PEOPLE v. PUENTE

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Court of Appeal, Fourth District, Division 2, California.

The PEOPLE, Plaintiff and Respondent, v. Francis Joseph PUENTE, Defendant and Appellant.

No. E043466.

Decided: July 28, 2008

Edward J. Haggerty, Rowland Heights, under appointment by the Court of Appeal, for Defendant and Appellant. Edmund G. Brown, Jr., Attorney General, Dane R. Gillette, Chief Assistant Attorney General, Gary W. Schons, Senior Assistant Attorney General, Andrew Mestman and Lynne G. McGinnis, Deputy Attorneys General, for Plaintiff and Respondent.

OPINION

Pursuant to a plea bargain, defendant pled guilty to one count of burglary.  (Pen.Code, § 459.) 1  Defendant admitted suffering a prior strike conviction. (§§ 667, subds. (b)-(i), 1170.12, subds. (a)-(d).)  The court sentenced defendant to state prison for a term of six years, but stayed execution of the sentence pursuant to a Vargas waiver,2 which will be explained post.   Defendant failed to appear for sentencing.   On June 8, 2007, the court executed the six-year sentence.   Defendant contends (1) the court erred by not granting him the custody credits negotiated as part of his plea bargain;  and (2) the trial court violated defendant's rights to due process by (a) not notifying defendant that he allegedly violated the terms of the Vargas waiver, and (b) not specifying a reason why defendant was found in violation of the Vargas waiver.   Defendant did not obtain a certificate of probable cause. (§ 1237.5;  Cal. Rules of Court, rule 8.304(b).)  As to defendant's first contention, we affirm the judgment.   As to defendant's second contention, we dismiss for failure to obtain a certificate of probable cause.

FACTS

 As part of defendant's plea bargain, the district attorney and defendant agreed that defendant would be sentenced pursuant to a Vargas waiver.   The arrangements of defendant's Vargas waiver were as follows:  On the day of the guilty plea, the trial court would sentence defendant to a term of three years in state prison for second degree burglary (§ 459), which would be doubled to a term of six years due to defendant's prior strike conviction.   The court would then stay execution of that sentence and defendant would be released.   If defendant complied with the conditions set forth in paragraphs 16a through 16f of his plea bargain, which are the terms of his Cruz waiver,3 then the district attorney would dismiss the prior strike allegation and charge defendant with suffering a prior conviction for which he served a prison term (§ 667.5, subd. (b)), which would reduce defendant's prison term from six years to four years.   Additionally, if defendant did not violate the terms of his Cruz waiver, then he would be given credit for the time he spent in federal custody.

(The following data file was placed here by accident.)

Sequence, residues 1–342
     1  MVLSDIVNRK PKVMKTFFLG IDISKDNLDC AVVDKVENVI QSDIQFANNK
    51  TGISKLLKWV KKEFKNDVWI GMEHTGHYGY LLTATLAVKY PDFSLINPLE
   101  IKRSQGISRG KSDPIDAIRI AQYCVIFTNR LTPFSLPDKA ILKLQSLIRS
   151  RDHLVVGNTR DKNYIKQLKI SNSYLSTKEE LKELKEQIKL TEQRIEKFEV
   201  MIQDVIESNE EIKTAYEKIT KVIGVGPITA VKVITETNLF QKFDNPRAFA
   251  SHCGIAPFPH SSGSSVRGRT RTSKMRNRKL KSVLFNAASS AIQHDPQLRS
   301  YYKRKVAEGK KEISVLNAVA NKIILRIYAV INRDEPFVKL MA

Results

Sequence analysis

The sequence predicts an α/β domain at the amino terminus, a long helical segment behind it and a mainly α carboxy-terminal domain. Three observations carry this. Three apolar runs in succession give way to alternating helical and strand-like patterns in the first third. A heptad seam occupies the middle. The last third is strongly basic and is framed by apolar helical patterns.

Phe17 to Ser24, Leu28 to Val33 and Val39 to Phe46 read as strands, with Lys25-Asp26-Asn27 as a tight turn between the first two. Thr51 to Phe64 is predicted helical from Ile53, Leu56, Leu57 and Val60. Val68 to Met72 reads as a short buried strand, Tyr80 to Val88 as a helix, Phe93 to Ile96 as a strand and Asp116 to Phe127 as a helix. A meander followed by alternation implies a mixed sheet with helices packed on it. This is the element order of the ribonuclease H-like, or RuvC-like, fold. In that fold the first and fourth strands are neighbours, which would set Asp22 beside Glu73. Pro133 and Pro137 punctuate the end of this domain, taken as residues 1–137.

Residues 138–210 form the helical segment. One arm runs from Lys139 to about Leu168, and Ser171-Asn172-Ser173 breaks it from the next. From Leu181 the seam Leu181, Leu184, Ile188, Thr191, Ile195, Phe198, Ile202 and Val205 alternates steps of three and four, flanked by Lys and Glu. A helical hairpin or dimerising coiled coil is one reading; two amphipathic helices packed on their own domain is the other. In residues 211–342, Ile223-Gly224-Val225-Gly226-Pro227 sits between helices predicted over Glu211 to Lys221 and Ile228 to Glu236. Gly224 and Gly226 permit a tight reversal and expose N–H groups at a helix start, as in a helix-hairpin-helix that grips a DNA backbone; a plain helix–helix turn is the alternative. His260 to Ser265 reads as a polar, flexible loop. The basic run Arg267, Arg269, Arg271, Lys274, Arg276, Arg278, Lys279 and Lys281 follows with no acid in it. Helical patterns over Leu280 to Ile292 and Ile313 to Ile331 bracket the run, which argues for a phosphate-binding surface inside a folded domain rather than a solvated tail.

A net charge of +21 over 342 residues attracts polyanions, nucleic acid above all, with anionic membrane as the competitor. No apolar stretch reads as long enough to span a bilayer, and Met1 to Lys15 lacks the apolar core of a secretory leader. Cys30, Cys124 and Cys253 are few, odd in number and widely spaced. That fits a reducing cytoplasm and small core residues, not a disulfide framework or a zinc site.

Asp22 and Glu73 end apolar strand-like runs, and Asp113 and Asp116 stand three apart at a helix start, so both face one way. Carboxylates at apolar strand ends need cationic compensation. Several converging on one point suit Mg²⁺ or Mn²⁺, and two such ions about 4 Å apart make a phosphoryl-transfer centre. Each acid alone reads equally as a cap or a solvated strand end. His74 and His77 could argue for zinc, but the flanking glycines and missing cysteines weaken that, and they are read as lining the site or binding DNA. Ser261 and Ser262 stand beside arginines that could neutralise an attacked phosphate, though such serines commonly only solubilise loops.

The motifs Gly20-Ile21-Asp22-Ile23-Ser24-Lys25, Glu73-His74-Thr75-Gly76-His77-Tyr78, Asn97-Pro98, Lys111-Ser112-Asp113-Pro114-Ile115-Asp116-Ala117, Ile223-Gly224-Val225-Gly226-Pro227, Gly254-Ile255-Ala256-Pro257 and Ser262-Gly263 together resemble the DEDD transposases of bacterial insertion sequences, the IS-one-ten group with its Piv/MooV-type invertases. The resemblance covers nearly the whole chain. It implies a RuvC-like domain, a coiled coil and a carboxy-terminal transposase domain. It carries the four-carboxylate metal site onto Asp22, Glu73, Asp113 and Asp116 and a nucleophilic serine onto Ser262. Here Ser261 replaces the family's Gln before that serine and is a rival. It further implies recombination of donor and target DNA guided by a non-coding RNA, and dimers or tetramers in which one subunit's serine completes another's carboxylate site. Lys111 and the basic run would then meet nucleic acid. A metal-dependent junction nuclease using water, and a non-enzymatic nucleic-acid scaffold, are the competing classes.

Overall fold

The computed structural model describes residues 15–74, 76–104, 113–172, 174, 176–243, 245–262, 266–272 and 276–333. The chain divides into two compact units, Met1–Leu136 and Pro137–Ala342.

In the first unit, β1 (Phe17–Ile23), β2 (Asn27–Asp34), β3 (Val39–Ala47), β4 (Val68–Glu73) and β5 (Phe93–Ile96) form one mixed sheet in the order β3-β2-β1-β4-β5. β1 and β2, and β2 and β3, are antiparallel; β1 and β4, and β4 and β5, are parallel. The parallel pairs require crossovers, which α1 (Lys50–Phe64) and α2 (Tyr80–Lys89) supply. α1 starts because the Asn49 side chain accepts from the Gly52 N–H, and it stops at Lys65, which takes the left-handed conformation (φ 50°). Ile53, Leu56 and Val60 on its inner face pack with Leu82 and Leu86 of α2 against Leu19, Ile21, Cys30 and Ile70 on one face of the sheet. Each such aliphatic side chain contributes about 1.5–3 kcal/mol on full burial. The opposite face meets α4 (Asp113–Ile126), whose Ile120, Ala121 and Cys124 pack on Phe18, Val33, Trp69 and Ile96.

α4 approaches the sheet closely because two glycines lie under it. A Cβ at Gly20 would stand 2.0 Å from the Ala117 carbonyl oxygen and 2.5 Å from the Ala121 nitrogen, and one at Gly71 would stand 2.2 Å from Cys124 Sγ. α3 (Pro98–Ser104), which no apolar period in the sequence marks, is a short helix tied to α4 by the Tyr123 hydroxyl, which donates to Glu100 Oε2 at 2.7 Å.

For reference, we set forth the exact language of defendant's Cruz and Vargas waivers, which are paragraphs 16 and 17 of defendant's plea bargain:

“16. [Defendant initialed a box next to this paragraph.4 ]  Cruz Waiver (if applicable)[.]  I understand I have an absolute right under California law to withdraw my plea if the court, for any reason, does not follow the plea bargain agreement.   I also understand that I cannot receive any additional penalty or punishment for any subsequent failure to appear or any new offense unless I am properly charged and convicted of such an offense.   I understand and agree as part of this plea bargain agreement to be released upon my own recognizance and to waive these rights, and as a condition of my release, I will:

“a. [“X” in the box next to this paragraph.]   Report to the probation department as ordered by the court.

“b. [“X” in the box next to this paragraph.]   Keep any appointment(s) set by the probation department.

“c. [Defendant initialed the box next to this paragraph.]   Appear in court for sentencing, or any other date set by the court.

“d. [Defendant initialed the box next to this paragraph.]   Not violate any law (excluding infractions) between today and the date of sentencing.